I am a self-studier. This is a problem (1.5b) from Andrew Baker's excellent notes (freely available for download) on Galois Theory.
$R \subseteq S$ are rings containing $1$. $Q$ is a prime ideal of $S$. Show $Q \cap R$ is a prime ideal of $R$.
I have seen this can be proved knowing that the inverse of a ring homomorphism (where $1$ maps to $1$) of a prime ideal is a prime ideal. And considering $\phi: R \rightarrow S$ as an inclusion map and taking the inverse of $Q$, one can get the desired result.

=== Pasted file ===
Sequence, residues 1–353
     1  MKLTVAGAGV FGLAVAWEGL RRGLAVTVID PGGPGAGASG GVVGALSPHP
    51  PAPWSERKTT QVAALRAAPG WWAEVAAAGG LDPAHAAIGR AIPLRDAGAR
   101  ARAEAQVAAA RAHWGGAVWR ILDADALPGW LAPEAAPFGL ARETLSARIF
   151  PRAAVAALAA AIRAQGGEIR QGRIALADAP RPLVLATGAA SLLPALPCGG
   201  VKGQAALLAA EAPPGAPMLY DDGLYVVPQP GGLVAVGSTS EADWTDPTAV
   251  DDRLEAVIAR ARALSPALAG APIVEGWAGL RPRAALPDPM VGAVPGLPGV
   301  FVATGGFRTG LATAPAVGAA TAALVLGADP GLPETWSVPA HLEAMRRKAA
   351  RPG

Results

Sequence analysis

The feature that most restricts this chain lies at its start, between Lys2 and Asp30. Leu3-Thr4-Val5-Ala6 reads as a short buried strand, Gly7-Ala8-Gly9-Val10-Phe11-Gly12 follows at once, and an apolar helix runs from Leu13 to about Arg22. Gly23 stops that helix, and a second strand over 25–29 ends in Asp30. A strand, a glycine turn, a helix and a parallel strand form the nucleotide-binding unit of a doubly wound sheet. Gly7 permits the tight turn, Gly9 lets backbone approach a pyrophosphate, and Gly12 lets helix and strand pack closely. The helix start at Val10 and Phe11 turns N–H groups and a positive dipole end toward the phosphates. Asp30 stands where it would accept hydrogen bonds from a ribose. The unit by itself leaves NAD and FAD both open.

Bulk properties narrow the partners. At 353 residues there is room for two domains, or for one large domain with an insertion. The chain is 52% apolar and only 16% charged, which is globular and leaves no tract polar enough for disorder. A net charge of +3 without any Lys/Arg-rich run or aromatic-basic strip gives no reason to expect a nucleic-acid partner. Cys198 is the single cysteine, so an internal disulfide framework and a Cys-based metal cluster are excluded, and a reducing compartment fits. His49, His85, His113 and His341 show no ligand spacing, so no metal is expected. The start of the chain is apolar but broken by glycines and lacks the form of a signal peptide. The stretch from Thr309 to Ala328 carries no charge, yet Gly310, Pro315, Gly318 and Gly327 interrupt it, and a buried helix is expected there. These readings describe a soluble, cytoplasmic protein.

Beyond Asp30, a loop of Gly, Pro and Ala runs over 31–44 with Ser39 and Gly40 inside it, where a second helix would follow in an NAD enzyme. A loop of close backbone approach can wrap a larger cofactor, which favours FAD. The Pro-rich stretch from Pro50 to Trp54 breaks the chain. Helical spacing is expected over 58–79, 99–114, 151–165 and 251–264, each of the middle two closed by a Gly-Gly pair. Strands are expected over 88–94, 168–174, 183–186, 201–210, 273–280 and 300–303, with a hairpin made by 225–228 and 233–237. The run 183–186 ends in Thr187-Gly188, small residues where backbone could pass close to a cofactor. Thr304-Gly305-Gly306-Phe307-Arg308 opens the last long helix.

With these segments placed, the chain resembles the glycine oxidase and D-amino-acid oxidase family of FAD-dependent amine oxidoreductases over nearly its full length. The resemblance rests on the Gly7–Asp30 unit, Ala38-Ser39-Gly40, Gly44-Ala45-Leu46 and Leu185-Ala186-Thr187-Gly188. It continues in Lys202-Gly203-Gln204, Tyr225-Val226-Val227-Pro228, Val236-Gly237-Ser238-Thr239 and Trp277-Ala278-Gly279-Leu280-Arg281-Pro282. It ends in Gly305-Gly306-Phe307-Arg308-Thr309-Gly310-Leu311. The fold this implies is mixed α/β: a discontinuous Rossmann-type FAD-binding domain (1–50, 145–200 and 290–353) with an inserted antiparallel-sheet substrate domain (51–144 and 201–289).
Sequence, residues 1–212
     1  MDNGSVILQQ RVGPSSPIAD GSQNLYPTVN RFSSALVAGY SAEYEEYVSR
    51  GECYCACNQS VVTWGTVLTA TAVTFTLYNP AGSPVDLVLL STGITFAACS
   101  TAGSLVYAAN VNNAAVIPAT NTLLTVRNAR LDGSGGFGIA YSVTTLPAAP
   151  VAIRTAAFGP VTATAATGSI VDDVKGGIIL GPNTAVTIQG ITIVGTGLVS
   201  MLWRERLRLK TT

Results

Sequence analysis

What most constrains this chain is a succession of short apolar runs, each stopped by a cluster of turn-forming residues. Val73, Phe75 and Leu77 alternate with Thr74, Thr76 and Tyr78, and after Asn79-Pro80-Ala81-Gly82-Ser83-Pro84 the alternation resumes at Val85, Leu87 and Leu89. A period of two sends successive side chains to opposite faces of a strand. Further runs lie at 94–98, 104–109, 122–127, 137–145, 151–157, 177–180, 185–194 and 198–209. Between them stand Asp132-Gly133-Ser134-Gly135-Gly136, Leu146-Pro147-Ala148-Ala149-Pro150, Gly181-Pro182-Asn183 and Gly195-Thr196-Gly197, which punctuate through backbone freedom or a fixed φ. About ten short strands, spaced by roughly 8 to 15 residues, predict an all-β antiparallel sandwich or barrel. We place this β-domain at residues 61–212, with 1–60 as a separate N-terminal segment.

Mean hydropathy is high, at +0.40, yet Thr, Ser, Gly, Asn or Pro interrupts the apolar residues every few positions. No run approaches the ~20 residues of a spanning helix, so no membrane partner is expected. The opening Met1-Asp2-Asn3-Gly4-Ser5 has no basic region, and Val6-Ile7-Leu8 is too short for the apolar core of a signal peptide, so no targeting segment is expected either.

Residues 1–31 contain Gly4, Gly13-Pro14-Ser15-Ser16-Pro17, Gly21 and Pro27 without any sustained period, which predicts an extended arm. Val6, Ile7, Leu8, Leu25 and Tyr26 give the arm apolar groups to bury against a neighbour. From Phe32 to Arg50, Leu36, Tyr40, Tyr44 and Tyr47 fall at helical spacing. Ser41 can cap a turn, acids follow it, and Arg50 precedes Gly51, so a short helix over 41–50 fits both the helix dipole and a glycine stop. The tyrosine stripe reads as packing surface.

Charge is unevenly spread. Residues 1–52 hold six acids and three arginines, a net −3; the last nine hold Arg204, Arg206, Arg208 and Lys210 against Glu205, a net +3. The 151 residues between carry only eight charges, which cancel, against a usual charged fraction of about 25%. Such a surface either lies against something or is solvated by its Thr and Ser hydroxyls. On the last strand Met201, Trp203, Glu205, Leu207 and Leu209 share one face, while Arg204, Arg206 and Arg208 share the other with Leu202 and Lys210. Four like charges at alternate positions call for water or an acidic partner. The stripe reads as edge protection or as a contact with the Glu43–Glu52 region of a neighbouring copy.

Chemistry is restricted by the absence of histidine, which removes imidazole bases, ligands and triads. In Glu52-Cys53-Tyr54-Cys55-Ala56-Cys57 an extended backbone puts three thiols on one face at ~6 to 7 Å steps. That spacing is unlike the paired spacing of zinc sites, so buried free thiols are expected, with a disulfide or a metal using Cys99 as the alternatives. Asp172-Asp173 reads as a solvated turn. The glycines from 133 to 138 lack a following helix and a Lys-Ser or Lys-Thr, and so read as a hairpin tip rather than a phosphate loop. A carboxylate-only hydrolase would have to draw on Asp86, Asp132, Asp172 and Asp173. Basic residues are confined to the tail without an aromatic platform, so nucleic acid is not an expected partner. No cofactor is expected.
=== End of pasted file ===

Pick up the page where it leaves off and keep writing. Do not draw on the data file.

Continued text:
I was trying to prove this more "directly" and it is here I would appreciate help.
The approach I am taking is to show that if $ab \in Q \cap R$, then WLOG $a \in Q \cap R$. Since $Q$ is prime, $a \in Q$.
I would appreciate help as to how to show $a \in R$. Is it valid to say that since $1 \in R$ then $a1 \in R$?
As always thanks for you help.